This week's question:
I went through a divorce case a few years ago and I just discovered that my wife had a secret account where she had been squirreling away money for years. I had an attorney and she did a great job, but I was wondering whether there is anything I can do about this secret account. In all the paperwork we had to do, it was never disclosed once. I just learned that it had about $50,000 in it that was "saved" during our marriage.
There just may be something you can do about that, Matt.
If you go back to your attorney, she may point out that there are many helpful provisions in the California Family Code to protect against fraud, perjury, and other cases of non-disclosure or misconduct.
For example, Family Code §2121 states that the provisions of the subject chapter are in addition to the basic six-month rule for mistake or excusable neglect. (Numbers in parentheses that follow correspond to the California Family Code citation.)
If you can prove actual fraud, where the defrauded party was kept in ignorance or in some other manner was fraudulently prevented from fully participating in the proceeding, you may bring an action or motion based on fraud within one year after the date on which you either discovered, or should have discovered, the fraud. (§2122(a)).
If you can prove perjury in the filing or preparation of the preliminary or final declaration of disclosure, the waiver of the final declaration of disclosure, or in the current income and expense statement of the other party, you have one year after the date on which you either discovered the perjury or should have discovered the perjury. (§2122(b)).
In the case of duress, for example, you were forced into an agreement improperly, you can file an action or motion based upon the duress within two years after the date of the entry of the judgment. (§2122(c)).
You also have two years from the entry of the judgment to file an action or a motion based on mental incapacity. (§2122(d)).
You have one year from the date of entry of the judgment to file an action or a motion as to a stipulated or uncontested judgment or that part of a judgment stipulated to by the parties if based on mistake of fact or mistake of law. (§2122(e)).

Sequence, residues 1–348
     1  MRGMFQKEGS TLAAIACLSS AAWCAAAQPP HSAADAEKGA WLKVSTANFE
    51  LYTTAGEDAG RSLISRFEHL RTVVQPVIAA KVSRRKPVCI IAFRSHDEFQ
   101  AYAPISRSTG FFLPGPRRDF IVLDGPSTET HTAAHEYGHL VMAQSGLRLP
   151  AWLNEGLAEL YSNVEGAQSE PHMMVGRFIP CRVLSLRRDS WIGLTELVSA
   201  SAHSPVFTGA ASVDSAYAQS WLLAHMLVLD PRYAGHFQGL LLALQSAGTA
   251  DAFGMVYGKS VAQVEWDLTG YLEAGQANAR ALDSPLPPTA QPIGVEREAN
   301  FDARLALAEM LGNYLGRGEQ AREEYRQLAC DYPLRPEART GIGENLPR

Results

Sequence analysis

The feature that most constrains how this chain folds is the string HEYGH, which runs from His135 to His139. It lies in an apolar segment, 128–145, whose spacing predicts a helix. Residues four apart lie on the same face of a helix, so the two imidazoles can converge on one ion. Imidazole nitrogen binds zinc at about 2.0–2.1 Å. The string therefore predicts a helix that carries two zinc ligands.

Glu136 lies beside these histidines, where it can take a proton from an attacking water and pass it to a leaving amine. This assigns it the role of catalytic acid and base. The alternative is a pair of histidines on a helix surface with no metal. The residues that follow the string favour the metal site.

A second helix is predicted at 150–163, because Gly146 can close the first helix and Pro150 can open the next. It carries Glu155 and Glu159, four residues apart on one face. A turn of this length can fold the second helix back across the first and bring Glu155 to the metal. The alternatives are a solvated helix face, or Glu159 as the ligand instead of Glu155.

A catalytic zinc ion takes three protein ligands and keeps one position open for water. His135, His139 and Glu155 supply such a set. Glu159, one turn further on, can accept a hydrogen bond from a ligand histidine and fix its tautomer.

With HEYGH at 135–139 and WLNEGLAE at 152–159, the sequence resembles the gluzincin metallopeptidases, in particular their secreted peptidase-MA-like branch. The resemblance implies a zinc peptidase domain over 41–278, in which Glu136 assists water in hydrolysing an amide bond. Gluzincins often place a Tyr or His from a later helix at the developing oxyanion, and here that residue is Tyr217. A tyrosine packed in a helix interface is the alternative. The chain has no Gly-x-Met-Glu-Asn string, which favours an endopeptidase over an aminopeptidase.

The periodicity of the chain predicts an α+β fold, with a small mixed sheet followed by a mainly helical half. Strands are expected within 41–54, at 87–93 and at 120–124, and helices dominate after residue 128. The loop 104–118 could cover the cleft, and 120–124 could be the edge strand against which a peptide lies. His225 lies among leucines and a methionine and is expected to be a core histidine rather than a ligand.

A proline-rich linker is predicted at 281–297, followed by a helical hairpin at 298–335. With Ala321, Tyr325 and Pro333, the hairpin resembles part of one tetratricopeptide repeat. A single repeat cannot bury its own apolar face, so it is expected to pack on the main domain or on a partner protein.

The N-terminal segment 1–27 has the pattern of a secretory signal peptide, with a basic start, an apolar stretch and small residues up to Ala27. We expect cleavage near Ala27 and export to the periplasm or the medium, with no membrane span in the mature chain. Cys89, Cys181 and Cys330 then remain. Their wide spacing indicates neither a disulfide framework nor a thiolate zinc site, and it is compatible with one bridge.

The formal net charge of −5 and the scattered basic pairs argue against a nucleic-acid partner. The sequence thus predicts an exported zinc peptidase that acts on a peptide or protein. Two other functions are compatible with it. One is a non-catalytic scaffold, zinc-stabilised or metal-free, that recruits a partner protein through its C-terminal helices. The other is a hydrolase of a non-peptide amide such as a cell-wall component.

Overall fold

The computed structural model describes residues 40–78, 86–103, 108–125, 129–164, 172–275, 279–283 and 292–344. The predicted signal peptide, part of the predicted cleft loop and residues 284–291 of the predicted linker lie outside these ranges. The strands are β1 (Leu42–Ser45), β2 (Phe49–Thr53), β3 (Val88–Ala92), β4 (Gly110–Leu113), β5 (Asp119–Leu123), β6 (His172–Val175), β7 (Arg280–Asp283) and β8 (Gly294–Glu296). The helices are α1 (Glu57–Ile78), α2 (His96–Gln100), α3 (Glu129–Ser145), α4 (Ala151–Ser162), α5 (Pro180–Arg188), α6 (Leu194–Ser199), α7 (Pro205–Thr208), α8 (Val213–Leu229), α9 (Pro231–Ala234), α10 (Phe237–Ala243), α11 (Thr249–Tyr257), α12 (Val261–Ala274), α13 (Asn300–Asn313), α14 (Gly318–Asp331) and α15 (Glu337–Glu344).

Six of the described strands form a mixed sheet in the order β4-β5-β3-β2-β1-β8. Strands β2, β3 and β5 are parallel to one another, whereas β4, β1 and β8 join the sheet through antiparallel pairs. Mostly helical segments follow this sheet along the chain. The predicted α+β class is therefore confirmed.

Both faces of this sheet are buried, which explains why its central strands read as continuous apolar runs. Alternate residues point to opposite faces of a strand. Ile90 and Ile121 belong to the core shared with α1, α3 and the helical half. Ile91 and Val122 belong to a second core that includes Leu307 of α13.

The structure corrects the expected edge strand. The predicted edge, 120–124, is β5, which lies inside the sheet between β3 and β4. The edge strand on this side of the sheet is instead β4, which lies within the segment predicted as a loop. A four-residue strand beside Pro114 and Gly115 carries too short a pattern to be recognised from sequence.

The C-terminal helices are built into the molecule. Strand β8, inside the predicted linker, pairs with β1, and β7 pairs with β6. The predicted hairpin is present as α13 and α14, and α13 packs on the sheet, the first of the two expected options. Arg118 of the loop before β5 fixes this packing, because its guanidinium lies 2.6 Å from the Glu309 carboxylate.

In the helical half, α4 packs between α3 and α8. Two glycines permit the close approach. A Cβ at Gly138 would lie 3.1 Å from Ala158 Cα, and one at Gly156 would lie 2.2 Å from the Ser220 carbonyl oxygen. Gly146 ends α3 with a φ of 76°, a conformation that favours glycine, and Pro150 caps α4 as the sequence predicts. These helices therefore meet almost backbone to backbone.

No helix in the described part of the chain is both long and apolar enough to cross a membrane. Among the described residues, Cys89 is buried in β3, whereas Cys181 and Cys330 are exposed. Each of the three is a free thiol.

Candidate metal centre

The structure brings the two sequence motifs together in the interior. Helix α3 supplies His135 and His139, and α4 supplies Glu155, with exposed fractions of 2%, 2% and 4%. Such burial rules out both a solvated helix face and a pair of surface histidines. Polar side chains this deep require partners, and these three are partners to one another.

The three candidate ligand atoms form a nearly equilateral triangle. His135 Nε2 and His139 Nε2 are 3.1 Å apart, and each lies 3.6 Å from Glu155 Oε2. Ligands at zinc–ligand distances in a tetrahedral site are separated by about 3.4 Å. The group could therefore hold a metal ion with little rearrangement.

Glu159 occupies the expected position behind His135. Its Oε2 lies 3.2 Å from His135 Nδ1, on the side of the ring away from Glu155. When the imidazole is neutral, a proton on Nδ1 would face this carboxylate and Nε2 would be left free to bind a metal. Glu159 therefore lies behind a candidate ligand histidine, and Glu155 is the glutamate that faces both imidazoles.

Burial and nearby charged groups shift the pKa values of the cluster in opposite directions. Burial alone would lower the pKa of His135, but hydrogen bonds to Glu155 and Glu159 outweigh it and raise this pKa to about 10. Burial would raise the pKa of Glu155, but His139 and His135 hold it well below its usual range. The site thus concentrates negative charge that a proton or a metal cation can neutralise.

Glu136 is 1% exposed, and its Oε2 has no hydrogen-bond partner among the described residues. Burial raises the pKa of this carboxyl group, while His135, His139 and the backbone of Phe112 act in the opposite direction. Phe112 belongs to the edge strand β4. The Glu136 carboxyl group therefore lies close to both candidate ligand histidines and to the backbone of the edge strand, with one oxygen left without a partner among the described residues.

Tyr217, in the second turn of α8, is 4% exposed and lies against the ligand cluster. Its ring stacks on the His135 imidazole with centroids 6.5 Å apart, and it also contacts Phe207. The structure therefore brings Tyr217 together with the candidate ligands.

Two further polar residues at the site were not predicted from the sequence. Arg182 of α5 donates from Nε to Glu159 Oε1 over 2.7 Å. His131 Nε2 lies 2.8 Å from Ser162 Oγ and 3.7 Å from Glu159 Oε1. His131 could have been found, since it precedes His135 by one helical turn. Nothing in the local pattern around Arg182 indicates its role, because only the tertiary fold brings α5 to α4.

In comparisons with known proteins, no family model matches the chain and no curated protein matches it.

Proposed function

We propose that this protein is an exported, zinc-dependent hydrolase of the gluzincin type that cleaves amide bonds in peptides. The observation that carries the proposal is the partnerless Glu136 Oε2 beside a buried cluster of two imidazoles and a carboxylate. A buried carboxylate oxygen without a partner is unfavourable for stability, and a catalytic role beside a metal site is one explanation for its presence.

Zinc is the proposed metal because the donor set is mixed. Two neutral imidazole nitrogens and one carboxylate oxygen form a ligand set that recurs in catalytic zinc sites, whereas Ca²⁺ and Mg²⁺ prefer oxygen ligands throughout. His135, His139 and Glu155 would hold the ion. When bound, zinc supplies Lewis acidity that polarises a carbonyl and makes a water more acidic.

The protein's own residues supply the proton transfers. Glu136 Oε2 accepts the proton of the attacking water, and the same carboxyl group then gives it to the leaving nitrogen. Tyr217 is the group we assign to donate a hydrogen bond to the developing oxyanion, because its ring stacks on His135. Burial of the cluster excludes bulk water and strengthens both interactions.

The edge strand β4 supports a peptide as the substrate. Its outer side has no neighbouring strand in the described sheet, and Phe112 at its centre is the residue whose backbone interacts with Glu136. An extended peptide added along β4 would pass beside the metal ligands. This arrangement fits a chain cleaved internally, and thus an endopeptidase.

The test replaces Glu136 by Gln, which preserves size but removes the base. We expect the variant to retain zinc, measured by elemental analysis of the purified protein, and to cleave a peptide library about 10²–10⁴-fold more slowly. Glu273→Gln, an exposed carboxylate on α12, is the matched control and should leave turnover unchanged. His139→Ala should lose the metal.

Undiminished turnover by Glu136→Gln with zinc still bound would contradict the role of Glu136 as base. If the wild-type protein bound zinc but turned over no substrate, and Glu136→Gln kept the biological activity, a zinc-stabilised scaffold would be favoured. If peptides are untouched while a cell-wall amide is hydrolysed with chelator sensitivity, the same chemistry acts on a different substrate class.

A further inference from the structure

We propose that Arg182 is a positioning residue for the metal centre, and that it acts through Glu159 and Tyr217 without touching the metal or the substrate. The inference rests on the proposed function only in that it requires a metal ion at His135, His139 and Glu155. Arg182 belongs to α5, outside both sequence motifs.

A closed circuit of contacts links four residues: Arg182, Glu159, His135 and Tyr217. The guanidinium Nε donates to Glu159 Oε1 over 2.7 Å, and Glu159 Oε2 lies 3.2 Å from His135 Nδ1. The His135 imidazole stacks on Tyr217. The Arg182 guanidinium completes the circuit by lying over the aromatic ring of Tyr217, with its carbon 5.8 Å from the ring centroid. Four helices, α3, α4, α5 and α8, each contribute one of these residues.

There is also a one-year deadline to file an action based on failure to comply with the disclosure requirements set out in the Family Code. The one-year rule starts to run after the date on which the complaining party either discovered or should have discovered, the failure to comply (§2122(f)).
It should be remembered that you generally cannot set aside a judgment because the court finds that it was inequitable when made, nor simply because subsequent circumstances caused the division of assets or liabilities to become inequitable, or the support to become inadequate (§2123).
A good question is whether one fraudulent provision will set aside the whole judgment or whether just that fraudulent provision will be stricken or otherwise resolved. That question is answered by §2125 that states as follows:
"When ruling on an action or motion to set aside a judgment, the court shall set aside only those provisions materially affected by the circumstances leading to the court's decision to grant relief. However, the court has discretion to set aside the entire judgment, if necessary for equitable considerations."
Another favorable section for the innocent spouse is §2124 that provides that the negligence of an attorney shall not be imputed to a client to bar an order setting aside a judgment, unless the court finds that the client knew, or should have known, of the attorney's negligence and unreasonably failed to protect himself or herself.
And it should be noted that many of the rules above apply not only to marital dissolution (divorce) cases, but also to legal separation and nullity cases.
So, you can see, Matt, that there may be some hope for you in recovering your share of that secret bank account. Along with your share that money, you may have a good case for breach of fiduciary duty and the attorney's fees you incur because of the extra work.
/s/Donald J. DeVries
Donald J. DeVries is an attorney practicing law in Almaden Valley. If you would like him to answer your question in his next Almaden Times column, you can reach him by email at email@example.com <mailto:firstname.lastname@example.org> (with "Almaden Times Article" in the subject line), fax at (408) 268-6502, telephone at (408) 268-9500, or mail at 6475 Camden Avenue, Suite 200, San Jose, CA 95120. Your matters are personal and private, so of course, he will not disclose your identity or any details about your situation.
Mr. DeVries writes this column to provide you with general information about important legal matters affecting California residents-not to give you legal advice about your specific matter. No attorney-client relationship is created by these articles. The law is complex and constantly changing and varies from state to state. So you should consult an attorney before taking any action that would affect your personal or business matters.